I have felt myself become very disillusioned about machine or party politics over the past few years. Although I have never been a member of a political party, I always had an interest in what was going on politically, and kept up to date and informed with what was going on in our various parliaments and with our decision makers. However, over the past few election cycles, there have been actions and decisions made by our representatives that have disgusted, bewildered and offended me, and my response to anything that generates that kind of response inside me is what it always has been – to withdraw my energy. In my heart I feel that these people and their flawed system do not represent me. I feel that as a woman, watching our women representatives having to battle to make their voices heard in a system designed for men, and I feel that as a human, watching short-sighted, corrupt and politically expedient decisions being made whilst our Earth suffers.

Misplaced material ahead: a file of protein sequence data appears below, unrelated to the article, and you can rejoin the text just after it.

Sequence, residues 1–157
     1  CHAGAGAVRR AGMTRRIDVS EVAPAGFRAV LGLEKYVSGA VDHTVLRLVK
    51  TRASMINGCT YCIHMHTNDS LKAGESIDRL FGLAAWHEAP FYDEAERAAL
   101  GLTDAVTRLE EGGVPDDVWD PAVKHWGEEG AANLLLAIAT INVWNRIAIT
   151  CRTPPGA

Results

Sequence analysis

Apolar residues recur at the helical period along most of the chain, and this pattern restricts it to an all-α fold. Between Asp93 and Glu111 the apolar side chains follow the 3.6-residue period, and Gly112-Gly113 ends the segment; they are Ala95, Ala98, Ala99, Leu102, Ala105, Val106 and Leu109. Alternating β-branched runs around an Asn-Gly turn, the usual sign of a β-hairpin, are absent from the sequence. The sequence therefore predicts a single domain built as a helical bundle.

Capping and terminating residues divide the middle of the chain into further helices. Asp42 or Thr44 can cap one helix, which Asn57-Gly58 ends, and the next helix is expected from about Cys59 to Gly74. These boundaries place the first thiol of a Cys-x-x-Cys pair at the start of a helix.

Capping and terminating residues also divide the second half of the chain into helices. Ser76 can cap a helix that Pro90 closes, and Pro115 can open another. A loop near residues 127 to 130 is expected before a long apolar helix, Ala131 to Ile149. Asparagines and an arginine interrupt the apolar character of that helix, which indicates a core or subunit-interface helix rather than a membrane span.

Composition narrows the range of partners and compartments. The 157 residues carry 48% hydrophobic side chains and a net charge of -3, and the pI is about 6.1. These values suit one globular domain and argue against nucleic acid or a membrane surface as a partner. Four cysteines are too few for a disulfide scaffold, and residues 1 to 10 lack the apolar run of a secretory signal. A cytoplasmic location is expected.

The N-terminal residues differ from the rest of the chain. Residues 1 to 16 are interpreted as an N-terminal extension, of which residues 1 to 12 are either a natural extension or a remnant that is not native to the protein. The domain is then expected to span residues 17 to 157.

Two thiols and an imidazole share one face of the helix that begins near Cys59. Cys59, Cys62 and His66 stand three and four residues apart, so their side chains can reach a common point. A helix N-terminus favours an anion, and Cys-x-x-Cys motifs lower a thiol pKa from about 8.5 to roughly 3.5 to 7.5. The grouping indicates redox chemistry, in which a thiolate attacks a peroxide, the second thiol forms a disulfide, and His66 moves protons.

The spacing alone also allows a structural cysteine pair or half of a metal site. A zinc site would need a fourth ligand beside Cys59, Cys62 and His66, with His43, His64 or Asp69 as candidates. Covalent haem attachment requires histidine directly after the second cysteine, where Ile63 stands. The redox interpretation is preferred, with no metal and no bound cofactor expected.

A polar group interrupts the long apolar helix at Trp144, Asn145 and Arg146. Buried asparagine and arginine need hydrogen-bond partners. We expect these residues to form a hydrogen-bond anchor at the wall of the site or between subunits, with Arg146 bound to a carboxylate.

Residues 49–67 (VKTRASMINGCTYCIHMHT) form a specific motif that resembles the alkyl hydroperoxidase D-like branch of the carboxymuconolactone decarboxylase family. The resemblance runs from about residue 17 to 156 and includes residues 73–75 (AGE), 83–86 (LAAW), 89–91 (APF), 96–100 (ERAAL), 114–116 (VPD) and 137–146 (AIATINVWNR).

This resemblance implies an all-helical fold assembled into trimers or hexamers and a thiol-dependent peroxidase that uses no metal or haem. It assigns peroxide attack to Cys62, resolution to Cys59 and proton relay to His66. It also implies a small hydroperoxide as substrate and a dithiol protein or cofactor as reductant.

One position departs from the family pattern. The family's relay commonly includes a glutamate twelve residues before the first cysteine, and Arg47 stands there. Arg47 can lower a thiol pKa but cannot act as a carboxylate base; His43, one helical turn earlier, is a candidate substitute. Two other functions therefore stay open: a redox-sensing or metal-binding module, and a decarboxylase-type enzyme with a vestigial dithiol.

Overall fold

So, I thought I had become apolitical or even anti-political, until my first week of Politics, when my lecturer gave us a list of political activities and asked how often we engaged in any of them. Things like signing petitions, attending public meetings, making a donation to a cause, participating in demonstrations and letter writing, many of which I do weekly. And that’s when I realised that I had not become apolitical, but instead, I had shifted my focus from what is called the first face of power, from the people who have the power to make decisions, to the second face of power, which are the people and groups who have the power to set the agenda. I had also become more and more aware of the third face of power, which are the socialising beliefs, cultural forces and political ideologies which shape our thinking, consciously and unconsciously.